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digitalmars.D - Automagic length of static arrays

reply Vathix <chris dprogramming.com> writes:
As everyone knows, C will magically know the length of the array when  
leaving out the number of elements if specifying an initializer like so,
    char foo[] = "abcde";
and as you know, that's not going to happen the same way in D because  
that's how to declare a dynamic array. So I have an idea to allow D to  
support C's magic with the following D syntax:
    char[$] foo = "abcde";
good?
Aug 22 2005
next sibling parent Hasan Aljudy <hasan.aljudy gmail.com> writes:
Vathix wrote:
 As everyone knows, C will magically know the length of the array when  
 leaving out the number of elements if specifying an initializer like so,
    char foo[] = "abcde";
 and as you know, that's not going to happen the same way in D because  
 that's how to declare a dynamic array. So I have an idea to allow D to  
 support C's magic with the following D syntax:
    char[$] foo = "abcde";
 good?

looks good to me.
Aug 22 2005
prev sibling next sibling parent reply Manfred Nowak <svv1999 hotmail.com> writes:
Vathix <chris dprogramming.com> wrote:

[...]
     char[$] foo = "abcde";
 good?

Maybe. But why is the D-way wrong, i.e. using a `.' when it suffices? Saves two characters to type in addition. char. foo = "That is the point"; Ahh, I see, that will turn all assignments to fields or properties into a declaration. But D already has for ranges `[0..1]' the special <decimal number><point><point> - token which is to my knowledge unique in the world of computer languages. So why not define the <Identifier><point><point> - token to be the automagic length inheretor? char..foo = "That is the D way"; -manfred ;-) P.S.: I really forget the range special point when posting digitalmars.D/27953
Aug 22 2005
parent Hasan Aljudy <hasan.aljudy gmail.com> writes:
Manfred Nowak wrote:
 Vathix <chris dprogramming.com> wrote:
 
 [...]
 
    char[$] foo = "abcde";
good?

Maybe. But why is the D-way wrong, i.e. using a `.' when it suffices? Saves two characters to type in addition. char. foo = "That is the point";

Because D doesn't do that! I think you are referring to D using '.' instead of '->' for pointers? It's erroneous to claim that using a dot every where is the D way.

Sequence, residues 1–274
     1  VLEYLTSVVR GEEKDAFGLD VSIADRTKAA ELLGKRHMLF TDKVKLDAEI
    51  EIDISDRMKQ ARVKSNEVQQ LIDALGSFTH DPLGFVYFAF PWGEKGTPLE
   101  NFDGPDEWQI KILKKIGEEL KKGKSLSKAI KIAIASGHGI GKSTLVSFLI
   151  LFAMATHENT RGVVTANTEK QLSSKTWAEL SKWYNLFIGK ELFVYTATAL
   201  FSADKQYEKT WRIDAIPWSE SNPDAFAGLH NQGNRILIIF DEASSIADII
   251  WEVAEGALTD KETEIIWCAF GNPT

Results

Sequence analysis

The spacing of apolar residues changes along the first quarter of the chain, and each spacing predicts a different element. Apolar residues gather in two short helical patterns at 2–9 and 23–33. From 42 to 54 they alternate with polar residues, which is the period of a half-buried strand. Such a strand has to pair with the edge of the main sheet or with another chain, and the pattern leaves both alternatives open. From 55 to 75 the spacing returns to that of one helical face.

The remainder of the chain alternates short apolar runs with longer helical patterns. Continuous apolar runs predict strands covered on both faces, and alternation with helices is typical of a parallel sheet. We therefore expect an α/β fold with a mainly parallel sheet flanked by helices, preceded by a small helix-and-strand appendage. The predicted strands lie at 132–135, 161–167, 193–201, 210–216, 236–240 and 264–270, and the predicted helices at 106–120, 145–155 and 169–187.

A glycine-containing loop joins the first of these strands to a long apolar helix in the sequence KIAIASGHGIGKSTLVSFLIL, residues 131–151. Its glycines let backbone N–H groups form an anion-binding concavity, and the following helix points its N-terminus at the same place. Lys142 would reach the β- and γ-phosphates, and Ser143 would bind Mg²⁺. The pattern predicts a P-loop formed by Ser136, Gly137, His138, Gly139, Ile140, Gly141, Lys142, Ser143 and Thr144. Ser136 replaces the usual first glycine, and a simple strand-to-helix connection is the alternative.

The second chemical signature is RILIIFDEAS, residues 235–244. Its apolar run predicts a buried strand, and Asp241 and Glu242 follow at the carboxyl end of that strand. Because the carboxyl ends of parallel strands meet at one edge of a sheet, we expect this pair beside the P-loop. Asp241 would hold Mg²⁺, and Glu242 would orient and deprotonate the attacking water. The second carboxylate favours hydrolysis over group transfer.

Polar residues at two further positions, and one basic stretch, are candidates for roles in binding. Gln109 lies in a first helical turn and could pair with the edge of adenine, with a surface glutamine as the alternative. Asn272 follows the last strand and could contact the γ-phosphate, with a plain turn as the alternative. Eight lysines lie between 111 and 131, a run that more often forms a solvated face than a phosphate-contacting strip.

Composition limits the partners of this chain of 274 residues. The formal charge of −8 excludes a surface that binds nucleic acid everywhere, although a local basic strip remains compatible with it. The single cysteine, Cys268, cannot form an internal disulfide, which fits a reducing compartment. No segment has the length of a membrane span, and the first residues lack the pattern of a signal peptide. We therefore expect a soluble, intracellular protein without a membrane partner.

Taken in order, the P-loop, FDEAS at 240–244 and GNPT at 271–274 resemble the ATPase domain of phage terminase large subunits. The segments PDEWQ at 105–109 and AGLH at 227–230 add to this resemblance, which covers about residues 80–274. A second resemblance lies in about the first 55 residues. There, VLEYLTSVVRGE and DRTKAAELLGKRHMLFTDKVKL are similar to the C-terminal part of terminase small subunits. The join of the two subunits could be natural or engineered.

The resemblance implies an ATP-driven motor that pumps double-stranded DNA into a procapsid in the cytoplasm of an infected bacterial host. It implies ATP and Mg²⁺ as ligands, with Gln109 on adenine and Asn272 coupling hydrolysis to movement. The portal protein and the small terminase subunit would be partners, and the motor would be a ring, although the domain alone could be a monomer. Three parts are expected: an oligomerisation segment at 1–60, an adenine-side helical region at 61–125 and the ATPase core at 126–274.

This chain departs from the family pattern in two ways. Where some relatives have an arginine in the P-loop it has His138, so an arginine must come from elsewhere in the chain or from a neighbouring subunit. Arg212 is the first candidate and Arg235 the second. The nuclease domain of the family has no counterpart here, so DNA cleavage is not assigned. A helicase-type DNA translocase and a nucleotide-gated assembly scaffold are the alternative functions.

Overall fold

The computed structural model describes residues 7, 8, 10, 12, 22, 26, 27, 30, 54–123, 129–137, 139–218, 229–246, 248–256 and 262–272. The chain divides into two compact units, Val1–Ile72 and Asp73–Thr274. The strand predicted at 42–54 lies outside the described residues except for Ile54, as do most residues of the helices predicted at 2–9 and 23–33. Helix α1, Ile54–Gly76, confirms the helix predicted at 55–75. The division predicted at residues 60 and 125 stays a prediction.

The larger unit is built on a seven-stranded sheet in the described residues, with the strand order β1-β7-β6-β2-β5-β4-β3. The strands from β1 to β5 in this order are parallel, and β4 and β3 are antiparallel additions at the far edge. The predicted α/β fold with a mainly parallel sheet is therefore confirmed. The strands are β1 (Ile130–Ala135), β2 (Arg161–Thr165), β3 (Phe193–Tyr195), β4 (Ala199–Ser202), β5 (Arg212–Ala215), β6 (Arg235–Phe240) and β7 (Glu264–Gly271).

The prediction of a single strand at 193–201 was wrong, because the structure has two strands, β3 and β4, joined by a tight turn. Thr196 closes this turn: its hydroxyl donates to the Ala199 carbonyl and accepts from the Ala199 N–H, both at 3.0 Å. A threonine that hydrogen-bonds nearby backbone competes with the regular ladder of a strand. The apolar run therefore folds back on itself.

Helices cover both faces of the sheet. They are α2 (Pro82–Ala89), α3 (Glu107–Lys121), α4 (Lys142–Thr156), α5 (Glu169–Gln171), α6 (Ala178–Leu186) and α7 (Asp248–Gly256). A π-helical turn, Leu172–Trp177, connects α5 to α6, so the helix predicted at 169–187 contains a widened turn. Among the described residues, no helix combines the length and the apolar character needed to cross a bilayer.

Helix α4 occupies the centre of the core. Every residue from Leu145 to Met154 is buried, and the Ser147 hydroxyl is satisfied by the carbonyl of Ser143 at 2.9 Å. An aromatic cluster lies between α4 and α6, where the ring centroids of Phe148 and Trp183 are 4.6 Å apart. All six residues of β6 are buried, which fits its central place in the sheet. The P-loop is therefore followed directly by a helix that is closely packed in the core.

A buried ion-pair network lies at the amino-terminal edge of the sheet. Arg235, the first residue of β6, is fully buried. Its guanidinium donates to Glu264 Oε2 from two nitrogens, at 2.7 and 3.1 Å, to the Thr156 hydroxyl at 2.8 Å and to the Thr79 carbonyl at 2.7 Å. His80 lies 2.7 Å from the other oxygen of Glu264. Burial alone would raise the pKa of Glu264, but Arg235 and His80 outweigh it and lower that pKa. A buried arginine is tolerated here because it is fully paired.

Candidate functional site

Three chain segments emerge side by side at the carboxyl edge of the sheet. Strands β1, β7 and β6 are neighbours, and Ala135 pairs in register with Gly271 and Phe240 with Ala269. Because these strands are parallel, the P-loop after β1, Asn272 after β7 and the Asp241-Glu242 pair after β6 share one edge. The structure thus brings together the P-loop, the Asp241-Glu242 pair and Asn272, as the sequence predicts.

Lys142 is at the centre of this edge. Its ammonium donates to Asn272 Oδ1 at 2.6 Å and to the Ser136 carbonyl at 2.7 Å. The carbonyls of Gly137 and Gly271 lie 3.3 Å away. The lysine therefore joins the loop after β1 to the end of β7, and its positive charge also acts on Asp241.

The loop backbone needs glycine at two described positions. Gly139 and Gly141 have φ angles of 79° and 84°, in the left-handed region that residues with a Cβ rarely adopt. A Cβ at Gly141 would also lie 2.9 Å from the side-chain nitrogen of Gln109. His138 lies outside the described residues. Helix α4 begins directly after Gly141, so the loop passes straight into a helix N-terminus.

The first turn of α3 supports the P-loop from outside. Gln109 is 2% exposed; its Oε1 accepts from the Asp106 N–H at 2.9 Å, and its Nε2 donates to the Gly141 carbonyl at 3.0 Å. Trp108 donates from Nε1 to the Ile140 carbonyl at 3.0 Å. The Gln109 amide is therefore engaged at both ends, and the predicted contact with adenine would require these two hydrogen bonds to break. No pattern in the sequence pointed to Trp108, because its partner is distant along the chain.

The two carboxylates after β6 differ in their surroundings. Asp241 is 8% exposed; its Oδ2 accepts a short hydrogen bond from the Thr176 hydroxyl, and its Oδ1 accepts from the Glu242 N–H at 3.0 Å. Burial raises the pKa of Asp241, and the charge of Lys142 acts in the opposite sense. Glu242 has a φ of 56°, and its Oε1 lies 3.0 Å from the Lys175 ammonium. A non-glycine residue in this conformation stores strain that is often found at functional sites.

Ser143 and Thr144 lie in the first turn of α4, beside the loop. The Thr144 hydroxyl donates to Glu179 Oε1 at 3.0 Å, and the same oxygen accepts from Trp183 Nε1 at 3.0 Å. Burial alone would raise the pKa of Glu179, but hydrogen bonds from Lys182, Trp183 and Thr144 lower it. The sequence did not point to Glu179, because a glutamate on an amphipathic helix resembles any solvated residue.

Ahh, I see, that will turn all assignments to fields or properties 
 into a declaration. But D already has for ranges `[0..1]' the special
   <decimal number><point><point> - token
 which is to my knowledge unique in the world of computer languages.
 
 So why not define the
   <Identifier><point><point> - token
 to be the automagic length inheretor?
 
      char..foo = "That is the D way";
 
 -manfred ;-)
 
 P.S.:
 I really forget the range special point when posting
 digitalmars.D/27953
 
  

Well, char[$] makes more sense, because $ is already used to refer to the array's length, and because we usually put the length inside [brackets] when declaring a statically allocated array, so the concept already has some roots. OTOH, char..foo means "from char to foo"!!!!!!! That makes no sense if you ask me.
Aug 22 2005
prev sibling parent Freejack <freejack nowhere.net> writes:
On Mon, 22 Aug 2005 05:41:35 -0400, Vathix wrote:

 As everyone knows, C will magically know the length of the array when  
 leaving out the number of elements if specifying an initializer like so,
     char foo[] = "abcde";
 and as you know, that's not going to happen the same way in D because  
 that's how to declare a dynamic array. So I have an idea to allow D to  
 support C's magic with the following D syntax:
     char[$] foo = "abcde";
 good?

Sounds alright. I'm new to D, but I've been doing C, Ada, and Assembler for better than ten years now. One thing that chaffes my ass about C style arrays(or imperative language arrays in general) is the error prone and tedious indexing. I think a better solution would be to just switch to APL style arrays and array handling(using D syntax of course). I like D, and for all it's advancements, it's still stuck in the dark ages for array manipulation. char[$] foo = "blah"; shouldn't be necessary with a language sporting the features of D. APL style arrays would certainly give D a leg up and over it's competitors. My .02 worth. Freejack
Aug 27 2005